Jennifer Knight's "Tuned Out" is an elegantly descriptive poem about a daughter-narrator whose hatred of her mother's irrecoverable life invokes the picture of a sad, lost woman: "and her face and neck and chest/ greased up with Ponds cold cream/ and those gold and silver kidskin mules" (70). The poet scares us with the permanence of this scene. Yet, when she wonders in the end "if it's just because I've come home,/ or if it's the same every night," the claustrophobic perception of the daughter, perhaps true, perhaps overblown, is revealed. Carine Topal's "The Scream" after Edvard Munch's famous painting is one of the most powerful poems presented. Much of the marvelous happens in this poem. The poet interweaves the viewer-narrator, the woman in the painting, and the painter to explore the overlapping emotions of the three. What begins as "The sound we almost think we hear is strands/ of a woman's hair caught in her lover's heart—" becomes through the narrator's identification with the painter's craft and the voice screaming from his painting "the/ hollow of birth when it comes, the shriek of/ someone else in your mouth coming up but never/ reaching out from your throat./ The sound I almost thought I heard" (176-177). A magical poem.

Wendy Rainey has a number of poems in truth and lies which are disarmingly simplistic, full of steadiness and shock, often stylishly flat in the manner of a Ray Carver short story.

so removed were my feelings for them

that by the time my dad had a coronary

and my mom drove the station wagon into

the side of the mountain,

I took it as a good sign

the house took on a new dimension

with those two out of the picture.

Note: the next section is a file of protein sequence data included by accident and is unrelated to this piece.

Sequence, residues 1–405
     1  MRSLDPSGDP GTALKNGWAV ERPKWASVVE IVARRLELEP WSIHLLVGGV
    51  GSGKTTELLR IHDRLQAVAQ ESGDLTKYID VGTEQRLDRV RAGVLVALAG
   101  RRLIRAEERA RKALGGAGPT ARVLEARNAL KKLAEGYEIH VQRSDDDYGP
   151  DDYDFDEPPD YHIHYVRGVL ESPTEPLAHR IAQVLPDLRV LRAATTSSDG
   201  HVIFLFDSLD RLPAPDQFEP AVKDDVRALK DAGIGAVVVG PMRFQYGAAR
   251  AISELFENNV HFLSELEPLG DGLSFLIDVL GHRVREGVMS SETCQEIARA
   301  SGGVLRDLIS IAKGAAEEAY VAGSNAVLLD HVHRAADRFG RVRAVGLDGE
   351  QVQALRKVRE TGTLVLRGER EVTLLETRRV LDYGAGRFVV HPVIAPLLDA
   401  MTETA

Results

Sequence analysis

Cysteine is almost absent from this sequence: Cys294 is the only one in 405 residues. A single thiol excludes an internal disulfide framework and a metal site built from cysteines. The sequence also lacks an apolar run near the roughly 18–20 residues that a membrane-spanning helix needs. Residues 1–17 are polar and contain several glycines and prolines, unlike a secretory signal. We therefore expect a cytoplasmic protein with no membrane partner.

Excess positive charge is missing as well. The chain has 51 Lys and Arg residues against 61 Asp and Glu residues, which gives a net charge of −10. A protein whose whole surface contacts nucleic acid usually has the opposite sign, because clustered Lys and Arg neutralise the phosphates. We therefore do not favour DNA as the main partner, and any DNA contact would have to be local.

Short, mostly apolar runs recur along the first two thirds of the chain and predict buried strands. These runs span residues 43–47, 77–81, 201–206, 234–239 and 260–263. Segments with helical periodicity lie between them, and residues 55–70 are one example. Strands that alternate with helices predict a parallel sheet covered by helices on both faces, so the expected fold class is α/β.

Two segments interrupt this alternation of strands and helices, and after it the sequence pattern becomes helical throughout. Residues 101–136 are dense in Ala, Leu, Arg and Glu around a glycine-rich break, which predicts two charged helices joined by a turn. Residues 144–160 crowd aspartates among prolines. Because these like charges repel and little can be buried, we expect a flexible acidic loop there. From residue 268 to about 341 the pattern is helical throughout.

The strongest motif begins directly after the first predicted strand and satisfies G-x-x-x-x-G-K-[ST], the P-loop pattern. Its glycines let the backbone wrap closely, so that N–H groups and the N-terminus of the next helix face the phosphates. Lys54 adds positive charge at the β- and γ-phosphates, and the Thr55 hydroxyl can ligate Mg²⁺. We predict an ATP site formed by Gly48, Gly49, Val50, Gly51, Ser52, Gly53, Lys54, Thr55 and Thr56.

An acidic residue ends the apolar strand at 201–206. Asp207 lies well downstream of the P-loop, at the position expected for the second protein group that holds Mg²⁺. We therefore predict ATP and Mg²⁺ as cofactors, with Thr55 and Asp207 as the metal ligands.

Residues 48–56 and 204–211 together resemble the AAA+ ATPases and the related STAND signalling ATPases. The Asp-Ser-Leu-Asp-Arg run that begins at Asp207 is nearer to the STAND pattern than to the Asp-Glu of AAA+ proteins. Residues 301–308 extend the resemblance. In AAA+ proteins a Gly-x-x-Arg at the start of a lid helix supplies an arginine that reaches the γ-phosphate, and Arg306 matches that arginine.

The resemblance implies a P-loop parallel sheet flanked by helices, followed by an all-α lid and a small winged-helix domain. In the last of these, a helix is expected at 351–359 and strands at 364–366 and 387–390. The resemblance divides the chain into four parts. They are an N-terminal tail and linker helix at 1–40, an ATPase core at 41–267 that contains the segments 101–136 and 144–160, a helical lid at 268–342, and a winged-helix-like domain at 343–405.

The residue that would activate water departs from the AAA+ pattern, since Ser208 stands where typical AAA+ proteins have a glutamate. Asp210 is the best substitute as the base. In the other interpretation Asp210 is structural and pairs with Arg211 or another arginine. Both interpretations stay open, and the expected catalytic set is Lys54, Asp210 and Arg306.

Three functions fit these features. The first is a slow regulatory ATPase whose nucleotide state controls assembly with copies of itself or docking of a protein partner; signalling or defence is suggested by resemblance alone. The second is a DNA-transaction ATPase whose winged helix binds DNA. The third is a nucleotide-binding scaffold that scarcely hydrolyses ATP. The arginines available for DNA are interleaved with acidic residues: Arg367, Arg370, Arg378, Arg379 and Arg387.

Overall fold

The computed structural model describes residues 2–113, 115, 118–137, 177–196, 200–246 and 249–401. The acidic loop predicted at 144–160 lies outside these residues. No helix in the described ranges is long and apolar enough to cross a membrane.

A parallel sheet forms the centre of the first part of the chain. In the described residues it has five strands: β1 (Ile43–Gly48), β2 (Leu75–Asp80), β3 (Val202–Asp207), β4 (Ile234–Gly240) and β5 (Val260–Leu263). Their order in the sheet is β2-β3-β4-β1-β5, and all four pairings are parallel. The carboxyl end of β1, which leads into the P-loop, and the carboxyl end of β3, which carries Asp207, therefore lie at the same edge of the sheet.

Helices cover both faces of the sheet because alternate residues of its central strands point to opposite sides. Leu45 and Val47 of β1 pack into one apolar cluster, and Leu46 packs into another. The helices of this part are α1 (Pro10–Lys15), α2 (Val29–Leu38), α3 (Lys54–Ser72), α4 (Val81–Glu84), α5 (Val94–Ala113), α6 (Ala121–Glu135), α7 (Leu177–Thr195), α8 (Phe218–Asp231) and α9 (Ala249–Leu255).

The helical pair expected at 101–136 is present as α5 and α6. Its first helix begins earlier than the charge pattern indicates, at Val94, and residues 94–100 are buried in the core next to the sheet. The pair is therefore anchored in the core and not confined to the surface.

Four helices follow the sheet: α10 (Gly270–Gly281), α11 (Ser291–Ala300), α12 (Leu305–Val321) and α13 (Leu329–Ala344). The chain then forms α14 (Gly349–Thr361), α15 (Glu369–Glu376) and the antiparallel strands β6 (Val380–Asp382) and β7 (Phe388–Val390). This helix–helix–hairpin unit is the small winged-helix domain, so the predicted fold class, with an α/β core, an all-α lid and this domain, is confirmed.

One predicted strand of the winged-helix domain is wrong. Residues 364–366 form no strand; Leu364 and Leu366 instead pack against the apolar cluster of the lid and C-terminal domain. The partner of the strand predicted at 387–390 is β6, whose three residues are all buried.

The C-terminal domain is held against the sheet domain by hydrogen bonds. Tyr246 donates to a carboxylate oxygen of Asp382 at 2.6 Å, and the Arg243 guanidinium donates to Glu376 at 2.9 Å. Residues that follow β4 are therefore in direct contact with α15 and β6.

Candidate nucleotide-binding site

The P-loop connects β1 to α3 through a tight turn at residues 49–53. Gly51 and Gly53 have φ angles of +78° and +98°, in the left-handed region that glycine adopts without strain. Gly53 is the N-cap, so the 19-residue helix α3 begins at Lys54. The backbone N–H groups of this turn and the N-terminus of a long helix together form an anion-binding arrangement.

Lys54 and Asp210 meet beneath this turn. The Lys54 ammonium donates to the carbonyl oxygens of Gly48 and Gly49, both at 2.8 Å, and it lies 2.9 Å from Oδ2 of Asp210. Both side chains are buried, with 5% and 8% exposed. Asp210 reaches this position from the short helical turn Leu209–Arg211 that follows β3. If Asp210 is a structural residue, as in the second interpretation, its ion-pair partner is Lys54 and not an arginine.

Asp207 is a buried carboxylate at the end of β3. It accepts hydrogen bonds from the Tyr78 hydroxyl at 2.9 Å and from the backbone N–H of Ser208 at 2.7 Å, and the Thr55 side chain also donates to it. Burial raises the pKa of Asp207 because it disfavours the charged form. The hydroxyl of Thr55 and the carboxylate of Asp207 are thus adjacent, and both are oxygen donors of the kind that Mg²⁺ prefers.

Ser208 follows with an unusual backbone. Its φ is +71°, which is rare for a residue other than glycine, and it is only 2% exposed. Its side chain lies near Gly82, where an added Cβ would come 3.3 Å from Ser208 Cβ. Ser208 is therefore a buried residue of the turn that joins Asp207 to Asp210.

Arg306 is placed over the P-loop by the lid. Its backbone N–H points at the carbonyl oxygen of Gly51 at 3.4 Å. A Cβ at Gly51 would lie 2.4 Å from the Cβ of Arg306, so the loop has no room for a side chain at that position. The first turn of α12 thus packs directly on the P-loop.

I took to having tv dinners every night

in front of the tube

where I learned to appreciate

the beauty of baseball— (from "Planets" 149)

The poem develops not the loss of her parents, but her immersion in the baseball games she watches, whose terms of catch and home somehow help to relieve her pain. The narrator can only feel her "senses intact" when the TV offers baseball's completeness: the home team wins and the game is over. Completeness in life—surmounting her parents' death—is not possible: "how a heart knows when to stop/ is beyond me" (150).

I loved the intensely observational memory poems of Elizabeth Degenhardt, the surreal richness of Shirley Love, and the impish humor and self-deprecation of Lee Rossi. But most I favored Florence Weinberger's verse. Three poems about marriage were superlative: "I went to the ball," "Old Marriage" and "What We Bring Home, We Put on the Table." The wisdom of couples who equally value autonomy and intimacy is celebrated in "What We Bring Home."

. . . When I walk alone, I track

only where I put my own feet,

and whatever I see, a fat bee black and

yellow against purple morning glory,

a bird chasing a squirrel across a telephone wire,

etches in me a path I won't be talking about

over dinner tonight, and your trip to Toronto

last week, though I'm certain it went like the words

you spoke on the way home from the airport,

leaves out the rain on the runway in Chicago,

how that changed you. Still, you brought it

home . . . . (182)

Weinberger's "Mame Loshen, The Mother Tongue" describes in catalog style the Yiddish language of her father from which came "your wild colors/ intact, your bent humor, your centuries/ of bottled-up rage and richly-imagined revenge," in addition to "the rhythm of my poems." Even though the spoken word has enriched her poetic voice, she reveals a harsher inheritance underneath his authoritarian expression. She names things language could not give:

and where in his mouth were the biblical mothers

Sarah, Rebecca, Rachel and Leah and where

in his mouth was his own mother Rachel

who taught him the one song he sang to me

when I was a child? (184)

The storyteller seduces us with the energy and voice of the language. But once the spell is cast, it may take years for us to awaken to the manipulative authority behind those words. Words have users, Amiri Baraka once said, but worse, users have words. And users use words to deny people the intimacy of love and song, which any grown child wishes she would have had. Indeed it is the most daring poets who create that missing closeness, who write to replicate it, by fashioning a text that will speak with intensity and intimacy.

Such composed intimacy is what I wish I would have heard from more of these L.A. poets, more of the mechanically, acoustically, and rhythmically detailed choices an individual writer wields. When that feeling is sculpted in the poem, the love that was no doubt born in the workshop is born again between poet and reader.